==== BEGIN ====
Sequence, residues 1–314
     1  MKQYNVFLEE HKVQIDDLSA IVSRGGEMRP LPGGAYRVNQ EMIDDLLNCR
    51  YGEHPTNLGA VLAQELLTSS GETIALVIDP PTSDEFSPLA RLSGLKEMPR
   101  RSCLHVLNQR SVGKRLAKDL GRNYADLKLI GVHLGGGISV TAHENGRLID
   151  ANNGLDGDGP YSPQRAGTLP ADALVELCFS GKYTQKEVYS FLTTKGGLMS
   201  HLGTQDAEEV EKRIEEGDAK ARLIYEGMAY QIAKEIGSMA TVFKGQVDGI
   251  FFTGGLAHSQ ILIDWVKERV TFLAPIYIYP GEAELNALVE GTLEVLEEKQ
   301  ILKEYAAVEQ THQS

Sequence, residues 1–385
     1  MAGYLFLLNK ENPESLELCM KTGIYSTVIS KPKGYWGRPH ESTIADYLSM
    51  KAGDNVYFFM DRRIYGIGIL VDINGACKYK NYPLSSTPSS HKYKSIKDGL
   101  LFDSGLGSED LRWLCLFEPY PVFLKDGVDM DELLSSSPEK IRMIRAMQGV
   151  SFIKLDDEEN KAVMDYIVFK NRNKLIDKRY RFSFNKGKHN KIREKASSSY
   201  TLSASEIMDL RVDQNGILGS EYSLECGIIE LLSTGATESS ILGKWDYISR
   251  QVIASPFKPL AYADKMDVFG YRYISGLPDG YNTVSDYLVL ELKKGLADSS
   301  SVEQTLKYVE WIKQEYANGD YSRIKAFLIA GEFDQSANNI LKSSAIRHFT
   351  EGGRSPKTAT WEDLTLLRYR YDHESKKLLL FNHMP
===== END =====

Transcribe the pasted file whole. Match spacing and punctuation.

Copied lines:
Sequence, residues 1–314
     1  MKQYNVFLEE HKVQIDDLSA IVSRGGEMRP LPGGAYRVNQ EMIDDLLNCR
    51  YGEHPTNLGA VLAQELLTSS GETIALVIDP PTSDEFSPLA RLSGLKEMPR
   101  RSCLHVLNQR SVGKRLAKDL GRNYADLKLI GVHLGGGISV TAHENGRLID
   151  ANNGLDGDGP YSPQRAGTLP ADALVELCFS GKYTQKEVYS FLTTKGGLMS
   201  HLGTQDAEEV EKRIEEGDAK ARLIYEGMAY QIAKEIGSMA TVFKGQVDGI
   251  FFTGGLAHSQ ILIDWVKERV TFLAPIYIYP GEAELNALVE GTLEVLEEKQ
   301  ILKEYAAVEQ THQS

Sequence, residues 1–385
     1  MAGYLFLLNK ENPESLELCM KTGIYSTVIS KPKGYWGRPH ESTIADYLSM
    51  KAGDNVYFFM DRRIYGIGIL VDINGACKYK NYPLSSTPSS HKYKSIKDGL
   101  LFDSGLGSED LRWLCLFEPY PVFLKDGVDM DELLSSSPEK IRMIRAMQGV
   151  SFIKLDDEEN KAVMDYIVFK NRNKLIDKRY RFSFNKGKHN KIREKASSSY
   201  TLSASEIMDL RVDQNGILGS EYSLECGIIE LLSTGATESS ILGKWDYISR
   251  QVIASPFKPL AYADKMDVFG YRYISGLPDG YNTVSDYLVL ELKKGLADSS
   301  SVEQTLKYVE WIKQEYANGD YSRIKAFLIA GEFDQSANNI LKSSAIRHFT
   351  EGGRSPKTAT WEDLTLLRYR YDHESKKLLL FNHMP